#2: Have Patience

It’s so easy to see a great subject, focus, fire, and move on. This is often referred to as the “happy snappy” approach. The next time you see a subject with great potential (e.g. sitting proudly on the reef, great negative space, cool behavior, etc.), I would encourage you to take a deep breath, take note of your air supply and remaining bottom time, and take some time shooting the subject.

The place where you first see your subject may not be the best place from which to make the best photograph. “Work” your subject. When you think you have “the shot,” take one more. There’s a reason you have a large memory card in your camera.

Try This: I like to think of my precious time underwater as my “studio time.” So the next time you come across a potential subject, take note of your remaining bottom time, relax, and settle in for the shot. Allowing yourself peace of mind that you know exactly how much time you have will help you relax and focus on making an impactful image.

A female sheephead in the towering kelp forest off the coast of Santa Barbara Island, California. Shooting up allows me to show the viewer the vastness of this amazing dive site. A tool that really helps me shoot up is my Nauticam 45º viewfinder. The angle makes it easier to keep my head at a comfortable angle while shooting toward the surface. Nikon D850, Nauticam housing, Sigma 15mm fisheye lens, Nauticam 140mm mini dome, dual Ikelite DS160 strobes. 1/40, ƒ/14, ISO 500.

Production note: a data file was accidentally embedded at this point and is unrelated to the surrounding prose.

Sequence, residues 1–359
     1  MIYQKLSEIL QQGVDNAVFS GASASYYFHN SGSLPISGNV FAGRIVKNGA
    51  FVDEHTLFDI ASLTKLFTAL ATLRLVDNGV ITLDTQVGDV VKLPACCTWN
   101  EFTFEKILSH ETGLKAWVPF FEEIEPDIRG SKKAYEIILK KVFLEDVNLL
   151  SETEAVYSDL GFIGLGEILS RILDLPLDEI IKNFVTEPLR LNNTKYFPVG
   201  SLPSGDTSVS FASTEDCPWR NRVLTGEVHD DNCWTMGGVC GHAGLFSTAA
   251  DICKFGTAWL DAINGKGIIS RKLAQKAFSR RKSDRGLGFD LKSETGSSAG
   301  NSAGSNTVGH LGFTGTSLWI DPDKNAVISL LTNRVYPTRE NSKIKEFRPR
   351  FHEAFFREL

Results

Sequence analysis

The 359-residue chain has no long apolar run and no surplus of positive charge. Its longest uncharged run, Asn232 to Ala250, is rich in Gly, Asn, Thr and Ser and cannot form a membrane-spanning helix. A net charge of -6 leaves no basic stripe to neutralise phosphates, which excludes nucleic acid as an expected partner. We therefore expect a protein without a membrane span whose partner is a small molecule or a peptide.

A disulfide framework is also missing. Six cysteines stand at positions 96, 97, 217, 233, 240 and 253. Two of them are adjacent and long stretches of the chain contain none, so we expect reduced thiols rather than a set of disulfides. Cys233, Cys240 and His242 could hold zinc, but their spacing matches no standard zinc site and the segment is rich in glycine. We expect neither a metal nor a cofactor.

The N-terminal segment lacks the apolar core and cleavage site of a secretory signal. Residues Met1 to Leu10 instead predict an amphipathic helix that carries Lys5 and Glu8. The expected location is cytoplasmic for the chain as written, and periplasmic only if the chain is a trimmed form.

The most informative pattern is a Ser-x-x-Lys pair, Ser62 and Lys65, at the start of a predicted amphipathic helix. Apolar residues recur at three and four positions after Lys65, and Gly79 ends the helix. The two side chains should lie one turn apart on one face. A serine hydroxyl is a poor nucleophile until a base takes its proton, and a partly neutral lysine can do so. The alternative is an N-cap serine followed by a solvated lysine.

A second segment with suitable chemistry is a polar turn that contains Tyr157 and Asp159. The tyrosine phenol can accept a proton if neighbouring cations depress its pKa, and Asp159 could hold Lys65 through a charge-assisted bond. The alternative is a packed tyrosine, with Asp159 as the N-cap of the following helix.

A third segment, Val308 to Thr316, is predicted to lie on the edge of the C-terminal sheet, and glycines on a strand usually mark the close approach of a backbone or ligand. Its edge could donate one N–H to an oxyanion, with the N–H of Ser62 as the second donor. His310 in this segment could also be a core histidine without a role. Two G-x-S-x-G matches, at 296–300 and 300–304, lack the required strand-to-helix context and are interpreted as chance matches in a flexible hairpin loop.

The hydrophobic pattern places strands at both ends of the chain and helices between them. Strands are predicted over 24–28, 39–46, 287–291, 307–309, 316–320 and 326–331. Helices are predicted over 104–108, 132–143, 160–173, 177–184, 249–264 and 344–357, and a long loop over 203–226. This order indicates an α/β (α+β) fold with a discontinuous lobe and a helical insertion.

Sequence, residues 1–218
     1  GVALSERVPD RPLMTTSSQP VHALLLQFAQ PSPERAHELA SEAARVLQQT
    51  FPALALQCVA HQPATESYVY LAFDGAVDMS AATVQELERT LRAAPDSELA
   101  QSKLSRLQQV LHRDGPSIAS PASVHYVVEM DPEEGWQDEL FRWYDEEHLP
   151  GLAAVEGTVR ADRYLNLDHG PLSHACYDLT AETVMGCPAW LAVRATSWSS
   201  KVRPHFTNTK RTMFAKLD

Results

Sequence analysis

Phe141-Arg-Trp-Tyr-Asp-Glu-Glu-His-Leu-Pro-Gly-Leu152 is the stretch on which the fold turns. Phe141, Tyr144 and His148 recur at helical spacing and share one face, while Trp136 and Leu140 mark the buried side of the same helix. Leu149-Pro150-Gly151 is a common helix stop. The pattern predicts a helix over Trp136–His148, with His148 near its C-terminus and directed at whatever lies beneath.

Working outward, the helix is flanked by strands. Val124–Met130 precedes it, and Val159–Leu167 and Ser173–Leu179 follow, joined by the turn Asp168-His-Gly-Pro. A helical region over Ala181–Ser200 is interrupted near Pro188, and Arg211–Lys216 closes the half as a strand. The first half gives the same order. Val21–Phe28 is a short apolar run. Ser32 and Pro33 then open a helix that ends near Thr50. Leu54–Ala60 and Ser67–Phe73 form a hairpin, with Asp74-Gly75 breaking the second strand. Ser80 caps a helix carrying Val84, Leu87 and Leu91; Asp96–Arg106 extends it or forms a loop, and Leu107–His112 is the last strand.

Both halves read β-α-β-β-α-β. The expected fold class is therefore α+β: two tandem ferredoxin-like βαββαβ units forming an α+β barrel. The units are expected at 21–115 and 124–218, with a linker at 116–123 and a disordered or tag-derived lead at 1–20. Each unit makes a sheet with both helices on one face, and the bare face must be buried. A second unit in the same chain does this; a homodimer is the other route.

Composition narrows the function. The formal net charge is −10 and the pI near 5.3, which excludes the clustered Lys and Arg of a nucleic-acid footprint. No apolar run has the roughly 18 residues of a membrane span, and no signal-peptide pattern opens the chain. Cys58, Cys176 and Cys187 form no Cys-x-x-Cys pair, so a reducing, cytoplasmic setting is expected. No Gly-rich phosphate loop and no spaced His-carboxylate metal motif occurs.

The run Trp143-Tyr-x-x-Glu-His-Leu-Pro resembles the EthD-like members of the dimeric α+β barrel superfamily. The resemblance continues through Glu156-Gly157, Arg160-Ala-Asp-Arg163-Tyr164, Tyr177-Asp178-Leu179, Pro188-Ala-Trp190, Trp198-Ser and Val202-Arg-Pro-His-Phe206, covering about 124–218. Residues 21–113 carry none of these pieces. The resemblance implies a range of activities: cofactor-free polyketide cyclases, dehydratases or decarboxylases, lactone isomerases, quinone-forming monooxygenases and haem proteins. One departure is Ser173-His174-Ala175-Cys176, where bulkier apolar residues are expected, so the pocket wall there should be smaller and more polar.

#3: Shoot Up

There are few things that separate a decent underwater photo from a great underwater photo more than by shooting up. Getting down at eye level (or lower) with a subject allows the viewer to get a much better sense of connection with the subject or scene. It also, amongst other things, helps you separate the subject from some of the distracting background environment.

Not every subject or scene (read: most) will allow you to get down and shoot up. Be mindful of your surrounding environment when considering to engage a subject. When you find a promising subject or scene that is impeded by the surrounding reef, it’s often best to move on and search for a subject better suited for shooting up.

Try This: Seek out reef heads surrounded by *unoccupied* sand, which will allow you search for subjects higher on the reef, while being able to get down low on the sand and shoot up.

Purple hydrocoral at Farnsworth Bank, Catalina Island, California. No lighting trickery or fancy snoot gadgets here … just good, old-fashioned strobe positioning. Nikon D810, Nauticam housing, Sigma 15mm fisheye lens, Nauticam 140mm mini dome, dual Ikelite DS160 strobes. 1/125, ƒ/16, ISO 400.

#4: Move Thy Strobes